A brief outline of the topics explored at each level is below.

  • Kindergarten: Five senses, Promoting Good Health, Weather/Seasons, Animals, Sunshine and Shadows, Plants, Water play
  • First: Seasons/Earth, Sky and Moon, Properties of Matter, Force and Motion, Embryology
  • Second: Chemical and Physical Interactions, Measurement, Plant Adaptations & Life Cycles, Solar System
  • Third: Water, Matter, Energy and Life Cycles (using the butterfly)
  • Fourth: Earth's Landforms, Properties of Matter, Electricity & Magnetism, Simple Machines, Plants & Animals
  • Fifth: Pond Life, Sound and Light, Looking at Liquids, Minerals

Social Studies

A brief outline of the topics explored at each level is listed below.

  • Kindergarten: All about me, All About My Family, My classroom Community, Holidays and Traditions
  • First: Families, Traditions and Communities, Economics, Geography Skills
  • Second: Communities, Geography Skills, Citizenship
  • Third: Geography Skills, Countries
  • Fourth: NYS History and Government, Geography Skills
  • Fifth: Western Hemisphere, National Government, Geography Skills


All Niskayuna elementary schools follow the same health curriculum. All lessons are done at a developmentally appropriate level. This includes the content and vocabulary introduced and taught. The curriculum is focused around six main units - Bullying and Violence Prevention, Nutrition and Physical Fitness, Body and Growth Development, Self Worth and Mental/Substance Abuse, HIV/AIDS Prevention.

Special Education Services

Under federal regulation, a student who meets criteria for special education classification is entitled to have an IEP written to meet specific learning needs. If you suspect your child may qualify, please contact your elementary school pscychologist or your child's classroom teacher.

Section 504

Under federal regulation, a student who is deemed to have a disabling condition and who has a life skill impairment may qualify for a Section 504 plan. If you suspect your child may qualify, please contact your child's school principal classroom teacher.

Speech/Language Services

The speech/language pathologist provides services to eligible students for help with articulation delays, stuttering, voice disorders, or language impairments. Mandated services are provided through the Committee on Special Education for students with speech or language disorders. Additionally, speech
improvement services are provided at the building level on a space available basis for students with less severe speech or language difficulties.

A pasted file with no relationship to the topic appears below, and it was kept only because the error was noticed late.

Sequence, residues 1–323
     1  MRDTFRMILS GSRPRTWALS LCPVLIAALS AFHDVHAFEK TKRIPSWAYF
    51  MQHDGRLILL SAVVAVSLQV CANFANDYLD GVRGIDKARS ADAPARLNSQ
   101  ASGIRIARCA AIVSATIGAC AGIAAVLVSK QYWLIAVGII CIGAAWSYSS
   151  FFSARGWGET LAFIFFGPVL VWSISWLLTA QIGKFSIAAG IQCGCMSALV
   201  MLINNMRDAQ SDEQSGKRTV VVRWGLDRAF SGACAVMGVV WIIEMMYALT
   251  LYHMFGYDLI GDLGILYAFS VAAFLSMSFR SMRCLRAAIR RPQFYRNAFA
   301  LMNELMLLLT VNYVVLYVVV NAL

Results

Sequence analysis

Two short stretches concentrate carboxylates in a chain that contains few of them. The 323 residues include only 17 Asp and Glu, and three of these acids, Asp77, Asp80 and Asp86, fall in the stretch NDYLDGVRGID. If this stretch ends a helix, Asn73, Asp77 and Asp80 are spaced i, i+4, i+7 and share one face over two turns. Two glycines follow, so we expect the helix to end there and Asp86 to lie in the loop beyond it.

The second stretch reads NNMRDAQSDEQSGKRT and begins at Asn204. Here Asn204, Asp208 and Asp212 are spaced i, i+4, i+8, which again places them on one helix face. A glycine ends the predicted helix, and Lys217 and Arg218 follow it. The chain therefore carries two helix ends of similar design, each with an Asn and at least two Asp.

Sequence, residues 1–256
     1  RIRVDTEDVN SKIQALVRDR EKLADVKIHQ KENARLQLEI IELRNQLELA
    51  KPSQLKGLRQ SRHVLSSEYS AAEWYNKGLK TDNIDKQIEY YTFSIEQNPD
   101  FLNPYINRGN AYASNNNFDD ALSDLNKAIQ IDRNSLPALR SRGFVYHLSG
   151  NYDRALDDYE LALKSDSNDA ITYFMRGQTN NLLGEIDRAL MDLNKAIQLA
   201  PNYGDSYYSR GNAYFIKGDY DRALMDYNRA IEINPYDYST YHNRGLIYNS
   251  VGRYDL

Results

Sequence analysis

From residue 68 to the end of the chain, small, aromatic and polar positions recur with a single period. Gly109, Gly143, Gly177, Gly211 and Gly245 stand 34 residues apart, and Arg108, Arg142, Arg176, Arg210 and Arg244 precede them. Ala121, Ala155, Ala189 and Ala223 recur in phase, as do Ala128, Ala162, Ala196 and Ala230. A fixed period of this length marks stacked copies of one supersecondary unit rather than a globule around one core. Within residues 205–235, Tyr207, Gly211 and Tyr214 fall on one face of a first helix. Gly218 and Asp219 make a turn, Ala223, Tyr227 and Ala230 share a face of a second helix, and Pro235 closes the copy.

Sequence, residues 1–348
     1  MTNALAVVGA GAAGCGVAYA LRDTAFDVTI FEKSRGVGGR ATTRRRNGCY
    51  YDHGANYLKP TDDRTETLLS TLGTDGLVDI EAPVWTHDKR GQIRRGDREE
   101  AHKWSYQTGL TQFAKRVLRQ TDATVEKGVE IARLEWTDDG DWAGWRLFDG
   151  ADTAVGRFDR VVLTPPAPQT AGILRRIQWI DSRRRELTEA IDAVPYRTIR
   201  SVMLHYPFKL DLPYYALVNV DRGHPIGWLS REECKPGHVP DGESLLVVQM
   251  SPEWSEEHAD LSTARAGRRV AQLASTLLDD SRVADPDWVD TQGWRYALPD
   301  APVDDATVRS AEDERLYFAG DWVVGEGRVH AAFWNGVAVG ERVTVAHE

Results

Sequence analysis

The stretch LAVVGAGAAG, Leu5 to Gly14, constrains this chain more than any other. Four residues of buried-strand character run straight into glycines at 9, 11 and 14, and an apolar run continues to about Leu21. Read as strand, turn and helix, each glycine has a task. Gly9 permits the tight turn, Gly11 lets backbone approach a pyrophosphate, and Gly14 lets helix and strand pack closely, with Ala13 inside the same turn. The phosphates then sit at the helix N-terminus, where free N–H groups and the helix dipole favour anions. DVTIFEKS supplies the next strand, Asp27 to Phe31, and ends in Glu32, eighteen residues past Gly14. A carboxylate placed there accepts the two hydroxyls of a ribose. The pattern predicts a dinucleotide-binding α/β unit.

English Language Learners

Instruction is provided to students whose native language is not English. Students qualify based on test results and must be provided services until they are tested out of the program.

Standardized Testing and Assessments

All students are assessed in the area of reading with the Fountas and Pinnell Benchmarking Assessment System at the beginning and end of the year. This assessment is formative in nature and helps teachers assess individual students' areas of strengths and weaknesses, as well as plan both small and whole group reading instruction.

Students in third, fourth and fifth grade take two New York State Assessments, one in the area of English Language Arts and the other in the area of Mathematics. These assessments take place at the end of April/early May. Fourth grade students also take a New York State assessment in the area of science. The science test is given at the end of May/early June. All New York State Assessment scores are sent directly to the home once scores are provided to us and the district gives the direction to do so. This sometimes occurs well into the summer or even into the fall.

Additionally, all students take NWEA Measure of Academic Progress (MAP) assessments. Students take these exams online in the areas of reading and math, three times a year to measure academic growth. A test taken in September can identify a predicted growth score for each child. Students are retested two more times, and progress is measured, comparing the predicted growth score with the
actual growth score. Several reports are provided to teachers to allow them to adjust their instruction after a mid-way test point, to better meet the needs of their students.